GrownUps accepts no responsibility for decisions made by Members or any other persons as a result of using or relying on any information on the GrownUps website. GrownUps does not give any health advice or make any recommendation of any product or service.

Ears ringing? You could have tinnitus. But don’t worry, so does Eric Clapton

Feel like you have a constant ringing in your ears? Maybe it sounds like a low hum or a high-pitched squeal. Don’t worry, you’re not hearing things. These are the tell-tale signs of tinnitus.

What is tinnitus?

Interestingly, tinnitus itself isn’t an actual condition. It’s simply a side effect of an underlying issue, like ear injury, circulatory system disorder or more commonly, age-related hearing loss. This causes “phantom noises” which can include ringing, buzzing, roaring, clicking and hissing.

It affects around one in five people and comes in varying degrees of seriousness. For some people its somewhat bothersome, while for others its downright debilitating. The good news is that there are treatments out there. And you’re definitely not alone. In fact, the legendary Eric Clapton is the latest celebrity to speak up about tinnitus and what it means for his lifestyle.

He may have dedicated his entire life to music, but that hasn’t stopped Clapton from running into age-related hearing loss in his 70s. Like so many others in his age demographic, Clapton must now make decisions on how to manage tinnitus and move forward with his life. He’s sounding pretty darn positive, insisting that it won’t stop him from entertaining his fans and creating meaningful music. Sting is another celebrity that’s openly admitted to suffering from tinnitus, and has taken a bit of a tongue in cheek approach to his condition.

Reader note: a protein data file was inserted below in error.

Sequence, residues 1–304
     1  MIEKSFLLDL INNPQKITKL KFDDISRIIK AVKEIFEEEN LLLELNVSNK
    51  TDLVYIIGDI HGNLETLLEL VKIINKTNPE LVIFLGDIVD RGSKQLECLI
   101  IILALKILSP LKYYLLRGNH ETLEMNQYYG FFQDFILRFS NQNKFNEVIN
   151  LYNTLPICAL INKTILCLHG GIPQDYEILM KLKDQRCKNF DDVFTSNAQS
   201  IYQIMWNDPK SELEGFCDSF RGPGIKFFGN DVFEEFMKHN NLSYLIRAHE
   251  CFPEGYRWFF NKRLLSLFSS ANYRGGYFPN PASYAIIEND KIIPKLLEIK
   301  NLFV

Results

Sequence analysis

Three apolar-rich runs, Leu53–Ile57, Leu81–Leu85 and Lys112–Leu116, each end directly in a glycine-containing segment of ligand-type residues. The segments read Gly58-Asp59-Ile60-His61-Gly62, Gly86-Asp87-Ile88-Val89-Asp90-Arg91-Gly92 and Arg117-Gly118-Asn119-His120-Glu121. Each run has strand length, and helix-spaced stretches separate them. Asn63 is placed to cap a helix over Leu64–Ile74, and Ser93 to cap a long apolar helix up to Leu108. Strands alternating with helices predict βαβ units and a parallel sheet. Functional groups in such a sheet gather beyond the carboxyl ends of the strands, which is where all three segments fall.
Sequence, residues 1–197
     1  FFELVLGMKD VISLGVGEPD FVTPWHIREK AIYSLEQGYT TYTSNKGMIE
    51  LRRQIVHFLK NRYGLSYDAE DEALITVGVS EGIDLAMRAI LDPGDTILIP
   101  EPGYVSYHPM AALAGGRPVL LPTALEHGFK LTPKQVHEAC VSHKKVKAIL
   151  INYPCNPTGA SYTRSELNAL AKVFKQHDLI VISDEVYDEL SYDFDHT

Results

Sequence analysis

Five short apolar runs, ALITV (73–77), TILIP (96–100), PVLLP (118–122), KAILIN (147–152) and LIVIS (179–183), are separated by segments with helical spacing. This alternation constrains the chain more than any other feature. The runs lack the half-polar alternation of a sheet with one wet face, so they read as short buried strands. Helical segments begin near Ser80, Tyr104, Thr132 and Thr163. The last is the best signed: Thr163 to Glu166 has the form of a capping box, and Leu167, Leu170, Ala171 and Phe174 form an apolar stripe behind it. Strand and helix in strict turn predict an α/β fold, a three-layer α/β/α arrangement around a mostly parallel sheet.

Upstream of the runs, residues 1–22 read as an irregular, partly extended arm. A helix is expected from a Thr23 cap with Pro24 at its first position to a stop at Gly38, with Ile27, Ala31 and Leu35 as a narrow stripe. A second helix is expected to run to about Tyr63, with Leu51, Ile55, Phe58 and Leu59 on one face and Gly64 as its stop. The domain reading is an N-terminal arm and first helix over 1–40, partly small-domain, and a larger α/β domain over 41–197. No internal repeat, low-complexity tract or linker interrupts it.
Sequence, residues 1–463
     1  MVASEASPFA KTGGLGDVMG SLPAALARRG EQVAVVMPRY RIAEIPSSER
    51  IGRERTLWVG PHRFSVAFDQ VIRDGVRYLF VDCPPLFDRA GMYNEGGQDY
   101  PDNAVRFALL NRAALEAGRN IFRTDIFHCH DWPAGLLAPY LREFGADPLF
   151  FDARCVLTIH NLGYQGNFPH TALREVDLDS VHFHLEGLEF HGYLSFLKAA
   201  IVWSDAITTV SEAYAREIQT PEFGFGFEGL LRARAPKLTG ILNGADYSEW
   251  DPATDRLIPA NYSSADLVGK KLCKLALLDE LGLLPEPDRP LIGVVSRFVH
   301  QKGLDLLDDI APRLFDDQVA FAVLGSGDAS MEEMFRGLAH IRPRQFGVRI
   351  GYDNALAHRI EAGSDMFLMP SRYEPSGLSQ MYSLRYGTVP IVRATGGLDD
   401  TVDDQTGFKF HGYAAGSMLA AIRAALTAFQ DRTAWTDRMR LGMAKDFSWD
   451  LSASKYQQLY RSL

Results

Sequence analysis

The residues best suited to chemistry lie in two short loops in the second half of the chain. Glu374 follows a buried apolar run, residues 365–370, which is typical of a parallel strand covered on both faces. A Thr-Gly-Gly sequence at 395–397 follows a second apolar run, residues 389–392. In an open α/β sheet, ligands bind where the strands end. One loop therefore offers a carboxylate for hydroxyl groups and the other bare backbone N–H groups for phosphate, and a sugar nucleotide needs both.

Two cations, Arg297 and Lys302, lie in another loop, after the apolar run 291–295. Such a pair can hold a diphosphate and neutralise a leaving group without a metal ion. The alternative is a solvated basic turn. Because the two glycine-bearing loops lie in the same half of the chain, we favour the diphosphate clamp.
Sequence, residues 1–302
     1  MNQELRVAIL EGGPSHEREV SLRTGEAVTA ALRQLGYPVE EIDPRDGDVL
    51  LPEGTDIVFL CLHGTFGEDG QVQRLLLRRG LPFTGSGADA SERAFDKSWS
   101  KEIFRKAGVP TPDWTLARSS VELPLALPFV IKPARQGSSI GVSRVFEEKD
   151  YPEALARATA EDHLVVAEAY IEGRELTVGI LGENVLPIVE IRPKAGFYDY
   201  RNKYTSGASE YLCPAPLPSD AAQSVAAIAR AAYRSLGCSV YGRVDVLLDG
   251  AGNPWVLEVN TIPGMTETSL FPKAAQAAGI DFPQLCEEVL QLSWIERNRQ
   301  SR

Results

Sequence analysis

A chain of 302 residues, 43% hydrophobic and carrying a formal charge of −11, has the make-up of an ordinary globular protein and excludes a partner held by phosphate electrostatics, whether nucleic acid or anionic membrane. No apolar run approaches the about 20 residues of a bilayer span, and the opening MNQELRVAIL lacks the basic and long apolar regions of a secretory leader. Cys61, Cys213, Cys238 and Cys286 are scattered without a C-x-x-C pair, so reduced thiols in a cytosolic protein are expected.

“I tried wearing a hearing aid, but I heard more than I wanted to hear! People talk a lot of s–t. … I’m fairly deaf and ‘what?’ is my favourite word,” he said in an interview with SiriusXM.

Deciphering “phantom noises”

In most cases “phantom noises” are diagnosed as subjective tinnitus. This is caused by issues in the outer, middle or inner ear, as well as problems with the hearing nerves or the brain’s auditory pathways. While there are plenty of other causes, age-related hearing loss is the most common trigger. Medically it’s known as presbycusis and tends to emerge around the 60s and 70s. The best thing to do is to chat to your doctor about your condition and discuss treatment options. Chances are with a few lifestyle tweaks, the right medication or a specialist noise suppression solution, you could soon rise above the ringing. There’s even new research suggesting that alternative medicines are viable treatments, so why not start researching therapies like acupuncture, hypnosis and ginkgo biloba?

 

Do you suffer from tinnitus? We’d love to hear about your experiences and management tips so let’s chat!